3 entirely in stable rock; or 2) excavations are less than 5 feet in depth and examination of the ground by a competent person provides no indication of a potential cave-in. Three acceptable protection systems recognized by OSHA include sloping and benching, shield systems, and support systems. Selection and design of appropriate protection depends upon the physical dimension of the excavation or trench, soil type, exposure to physical surface and subsurface obstacles, and the type of work activities within the excavation. S loping and Benching Sloping A method of protecting employees from cave-ins by excavating to form sides of an excavation that are inclined away from the excavation so as to prevent cave-ins. The angle of incline required to prevent cave-ins varies with differences in such factors as soil type, environmental conditions or exposure, and application of additional loads. Benching A method of protecting employees from cave-ins by excavating the sides of an excavation to form one or a series of horizontal levels or steps, usually with vertical or near-vertical surfaces between levels. Ta ble 2. Allowable Slopes Soil Type Height/Depth Slope Ratio Angle Stable rock Vertical 90 Type A ¾: 53 Type B : 45 Type C /2: 34 Type A ½: 63 Short term. For a maximum excavation depth of 2 feet. Shield Systems Type A Soil Type B Soil Type C Soil Shield Any structure that is able to withstand the forces imposed on it by a cave-in and thereby protects employees within the structure. Shields can be permanent structures or can be designed to be portable and moved along as work progresses. Shields can be either pre-manufactured or constructed on site. Shields used in trenches are usually referred to as trench boxes. 3/4 Type B Soil Single Bench Permitted in cohesive soil only 4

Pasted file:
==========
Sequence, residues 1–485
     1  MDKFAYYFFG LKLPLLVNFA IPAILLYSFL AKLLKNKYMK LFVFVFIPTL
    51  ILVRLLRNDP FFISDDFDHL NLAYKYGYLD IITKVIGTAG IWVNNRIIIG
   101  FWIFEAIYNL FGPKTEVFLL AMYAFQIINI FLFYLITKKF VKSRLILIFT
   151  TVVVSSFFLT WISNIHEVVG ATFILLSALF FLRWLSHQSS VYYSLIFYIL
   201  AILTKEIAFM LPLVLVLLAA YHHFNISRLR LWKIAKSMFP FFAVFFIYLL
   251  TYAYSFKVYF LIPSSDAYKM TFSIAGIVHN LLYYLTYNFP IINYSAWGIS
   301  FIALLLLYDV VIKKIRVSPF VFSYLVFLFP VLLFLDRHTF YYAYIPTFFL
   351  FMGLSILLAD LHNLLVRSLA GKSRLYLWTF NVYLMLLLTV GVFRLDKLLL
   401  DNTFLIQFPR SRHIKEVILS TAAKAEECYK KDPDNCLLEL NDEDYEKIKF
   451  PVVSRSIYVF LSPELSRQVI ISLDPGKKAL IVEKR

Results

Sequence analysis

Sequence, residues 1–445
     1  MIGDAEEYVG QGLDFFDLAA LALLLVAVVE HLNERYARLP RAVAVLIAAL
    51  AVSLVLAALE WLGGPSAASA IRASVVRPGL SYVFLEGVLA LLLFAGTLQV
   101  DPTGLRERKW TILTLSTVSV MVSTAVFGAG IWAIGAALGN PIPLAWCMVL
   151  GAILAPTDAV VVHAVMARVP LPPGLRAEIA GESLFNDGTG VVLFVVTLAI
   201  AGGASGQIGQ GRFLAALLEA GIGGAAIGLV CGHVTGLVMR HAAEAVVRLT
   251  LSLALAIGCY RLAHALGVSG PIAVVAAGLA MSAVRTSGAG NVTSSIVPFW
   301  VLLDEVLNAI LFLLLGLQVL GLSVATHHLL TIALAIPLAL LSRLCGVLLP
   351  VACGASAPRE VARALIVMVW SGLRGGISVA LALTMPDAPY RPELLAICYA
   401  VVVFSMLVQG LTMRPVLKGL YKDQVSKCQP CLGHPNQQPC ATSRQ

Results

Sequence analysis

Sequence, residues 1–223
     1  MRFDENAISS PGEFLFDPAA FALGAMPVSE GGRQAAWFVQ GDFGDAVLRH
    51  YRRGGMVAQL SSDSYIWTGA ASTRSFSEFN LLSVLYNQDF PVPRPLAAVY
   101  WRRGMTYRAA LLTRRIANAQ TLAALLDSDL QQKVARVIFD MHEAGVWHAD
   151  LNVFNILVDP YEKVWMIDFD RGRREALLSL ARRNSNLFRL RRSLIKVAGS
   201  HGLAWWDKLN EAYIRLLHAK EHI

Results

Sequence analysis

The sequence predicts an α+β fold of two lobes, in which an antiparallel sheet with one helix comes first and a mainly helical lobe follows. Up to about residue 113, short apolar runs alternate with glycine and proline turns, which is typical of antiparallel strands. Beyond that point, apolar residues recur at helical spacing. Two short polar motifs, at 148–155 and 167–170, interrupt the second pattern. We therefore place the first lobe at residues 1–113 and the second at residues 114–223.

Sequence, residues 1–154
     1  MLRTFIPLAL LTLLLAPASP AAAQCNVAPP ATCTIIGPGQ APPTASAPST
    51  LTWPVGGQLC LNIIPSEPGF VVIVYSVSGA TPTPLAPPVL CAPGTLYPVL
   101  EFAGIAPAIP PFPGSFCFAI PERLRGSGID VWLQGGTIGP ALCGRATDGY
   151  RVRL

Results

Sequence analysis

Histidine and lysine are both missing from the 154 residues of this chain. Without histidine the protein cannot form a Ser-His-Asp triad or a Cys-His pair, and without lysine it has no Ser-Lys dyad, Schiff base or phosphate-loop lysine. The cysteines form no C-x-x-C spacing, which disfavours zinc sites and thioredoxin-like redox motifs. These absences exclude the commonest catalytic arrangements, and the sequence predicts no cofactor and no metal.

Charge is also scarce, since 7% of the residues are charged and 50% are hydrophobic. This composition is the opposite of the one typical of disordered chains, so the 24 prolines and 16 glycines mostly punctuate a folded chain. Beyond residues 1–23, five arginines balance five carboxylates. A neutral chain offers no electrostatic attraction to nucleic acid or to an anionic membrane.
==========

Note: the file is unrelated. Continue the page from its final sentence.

4 Trench Box Or Shield Pneumatic Jack Strut Stackable Shields Hydraulic Jack Knife Edge Sidewall Support Systems Support system A structure such as underpinning, bracing, or shoring, which provides support to an adjacent structure, underground installation, or sides of an excavation. Screw Jack Sheeting Wale Strut OTHER SAFETY PRECAUTIONS Although cave-ins account for the majority of excavation injuries and deaths, additional hazards exist during excavation work. These include: Contact with underground utility installations such as sewer, telephone, fuel, electric, and water lines Exposure to vehicular traffic Exposure to falling debris from atop the trench Hazardous atmospheres (such as oxygen deficient, toxic, or flammable atmospheres) To protect against these hazards, consider the following safety precautions: Contact utility companies within established or customary local response times to locate and mark existing underground lines prior to excavating. While the excavation is open, protect, support, or remove underground installations to safeguard employees.

5 Place stairways, ladders, ramps or other safe means of egress in trench excavations that are 4 feet or more in depth. Provided with and wear warning vests or other suitable garments marked with or made of reflective or highly-visible material to employees exposed to public vehicular traffic. Establish barricades, signs, or stop logs to prevent equipment from driving or rolling near the excavation. Use monitoring devices to detect hazardous atmospheres where they are reasonably expected to exist, such as in excavations in landfill areas or excavation in areas where hazardous substances are stored nearby. Keep emergency rescue equipment nearby during work in an excavation, such as breathing apparatus and safety harness and line. Support the stability of nearby buildings, walls, or other structures whose stability may be endangered by excavations operations. Keep all excavated materials at least 2 feet from the edge of excavations to protect against falling debris. Temporary Spoil 2 Minimum Provide walkways with guardrails for employees or equipment that cross over excavations. OSHA requires guardrails where walkways are 6 feet or more above lower levels. All programs and information of The Texas AgriLife Extension Service are available to everyone without regard to race, color, religion, sex, age, handicap or national origin.